Culture shock is the confusion, anxiety, and irritability that often results from time spent in a new culture combined with isolation from the home culture. It is to be expected, so don’t worry if it happens to you! Many students are surprised by how homesick they feel in their first few weeks overseas. It can be quite stressful getting used to interacting in a new language, not being able to go home for the weekend, and getting used to the often less personal academic environment of the bigger universities.
In reality, culture shock is an important step in adjusting to and understanding your new surroundings. In most cases getting over it is simply a matter of time. It helps to get involved in activities planned for exchange/international students at your university and consider joining clubs and societies. These are the best ways to meet other people who are in a similar situation.
Stages of Cultural Adjustment
- Initial Euphoria: excitement experienced upon arrival and for initial days;
- Irritability: frustration from differences experienced in foreign city and challenges adapting to a new way of life. Associating only with other Americans is a common occurrence at this stage;
- Gradual Adjustment: the culture slowly becomes familiar and one becomes accustomed to new cultural norms.
- Adaptation and Biculturalism: you now function comfortably in the new culture and may even feel that you are a part of the new culture; and
- Re-Entry: the realization when you return home that you have changed. This is often a change that family and friends do not understand.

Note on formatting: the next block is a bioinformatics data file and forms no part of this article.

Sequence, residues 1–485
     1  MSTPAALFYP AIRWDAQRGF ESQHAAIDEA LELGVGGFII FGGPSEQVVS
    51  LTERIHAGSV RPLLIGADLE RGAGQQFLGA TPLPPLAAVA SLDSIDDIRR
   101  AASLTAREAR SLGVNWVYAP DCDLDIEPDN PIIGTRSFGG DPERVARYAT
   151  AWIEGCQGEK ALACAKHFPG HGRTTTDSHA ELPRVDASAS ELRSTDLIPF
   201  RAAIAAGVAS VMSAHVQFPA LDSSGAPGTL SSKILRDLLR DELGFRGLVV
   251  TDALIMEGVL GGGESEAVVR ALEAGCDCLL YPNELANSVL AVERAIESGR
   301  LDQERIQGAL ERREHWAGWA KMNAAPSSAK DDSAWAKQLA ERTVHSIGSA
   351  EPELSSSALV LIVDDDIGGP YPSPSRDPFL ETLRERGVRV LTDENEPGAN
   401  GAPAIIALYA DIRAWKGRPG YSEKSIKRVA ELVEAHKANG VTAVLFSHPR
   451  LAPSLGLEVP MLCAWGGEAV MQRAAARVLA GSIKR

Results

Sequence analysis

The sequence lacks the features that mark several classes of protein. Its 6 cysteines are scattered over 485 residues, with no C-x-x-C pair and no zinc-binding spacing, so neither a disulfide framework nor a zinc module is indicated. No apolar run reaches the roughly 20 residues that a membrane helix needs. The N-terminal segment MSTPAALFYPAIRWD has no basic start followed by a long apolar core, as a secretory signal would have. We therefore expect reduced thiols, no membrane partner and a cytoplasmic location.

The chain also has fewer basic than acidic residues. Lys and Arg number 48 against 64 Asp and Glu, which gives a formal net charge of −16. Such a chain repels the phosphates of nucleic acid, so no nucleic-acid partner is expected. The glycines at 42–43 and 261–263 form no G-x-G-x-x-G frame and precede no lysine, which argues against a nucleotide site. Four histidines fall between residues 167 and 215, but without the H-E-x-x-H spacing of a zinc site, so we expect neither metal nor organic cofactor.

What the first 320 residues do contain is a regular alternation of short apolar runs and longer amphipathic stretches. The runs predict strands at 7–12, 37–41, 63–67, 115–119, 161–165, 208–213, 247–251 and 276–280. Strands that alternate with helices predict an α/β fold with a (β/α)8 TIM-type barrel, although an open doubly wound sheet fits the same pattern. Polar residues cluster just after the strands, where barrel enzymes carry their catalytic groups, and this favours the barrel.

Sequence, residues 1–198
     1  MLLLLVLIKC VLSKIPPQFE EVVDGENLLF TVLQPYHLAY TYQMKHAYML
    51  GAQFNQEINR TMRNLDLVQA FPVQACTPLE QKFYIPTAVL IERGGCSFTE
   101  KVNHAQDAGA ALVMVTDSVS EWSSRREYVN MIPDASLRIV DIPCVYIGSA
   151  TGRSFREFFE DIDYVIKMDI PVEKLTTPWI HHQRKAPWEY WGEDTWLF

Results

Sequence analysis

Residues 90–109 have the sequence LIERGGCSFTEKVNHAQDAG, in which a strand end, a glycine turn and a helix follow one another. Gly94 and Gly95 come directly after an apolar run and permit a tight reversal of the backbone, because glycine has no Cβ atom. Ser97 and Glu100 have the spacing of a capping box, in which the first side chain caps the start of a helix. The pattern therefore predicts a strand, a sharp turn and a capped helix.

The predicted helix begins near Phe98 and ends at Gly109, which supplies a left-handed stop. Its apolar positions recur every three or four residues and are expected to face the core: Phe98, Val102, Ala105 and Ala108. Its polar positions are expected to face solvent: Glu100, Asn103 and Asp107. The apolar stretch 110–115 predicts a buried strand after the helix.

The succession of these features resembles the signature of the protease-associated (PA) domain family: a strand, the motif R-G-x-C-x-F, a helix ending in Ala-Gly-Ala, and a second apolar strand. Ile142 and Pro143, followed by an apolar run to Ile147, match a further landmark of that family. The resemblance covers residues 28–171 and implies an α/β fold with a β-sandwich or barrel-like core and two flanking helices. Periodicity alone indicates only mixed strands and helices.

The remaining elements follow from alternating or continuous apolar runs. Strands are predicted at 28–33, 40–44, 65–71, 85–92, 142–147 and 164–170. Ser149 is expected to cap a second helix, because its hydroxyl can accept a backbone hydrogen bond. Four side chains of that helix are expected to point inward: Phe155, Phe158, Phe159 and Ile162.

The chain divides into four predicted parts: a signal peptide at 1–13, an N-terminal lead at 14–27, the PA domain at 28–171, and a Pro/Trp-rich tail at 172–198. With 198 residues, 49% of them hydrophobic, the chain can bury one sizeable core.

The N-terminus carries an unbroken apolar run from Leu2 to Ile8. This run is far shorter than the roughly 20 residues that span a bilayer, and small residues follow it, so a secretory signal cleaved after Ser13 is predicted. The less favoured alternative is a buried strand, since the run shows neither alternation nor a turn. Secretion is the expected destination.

Suggestions for Cultural Adjustment
Remember: there is no "best way" to deal with culture shock, it always depends on the individual.
Below are examples of how to cope:
- Prepare well for your experience
- Know how to sort out various practical problems on your arrival and who can help you
- Make yourself aware of any obvious culture differences
- Always keep an open mind and do not expect to find things as you have them at home
- Search out new experiences and friends. Meet local and other international students
- Remember that you have traveled far to learn about and experience a new culture, and to represent your country and school
- Do not judge the people of a country by one person or one experience
- Treat everyone you meet with respect
- Keep a sense of humor about yourself and the situation
- Listen and observe rather than merely seeing or hearing
- Acknowledge that there are different conceptions of time
- Spend time daily to reflect in order to process your experiences
- Make use of your host university’s support system; i.e. student affairs, study abroad office
- Stay in touch with family and friends
Keep in mind that most people only DREAM about having this experience.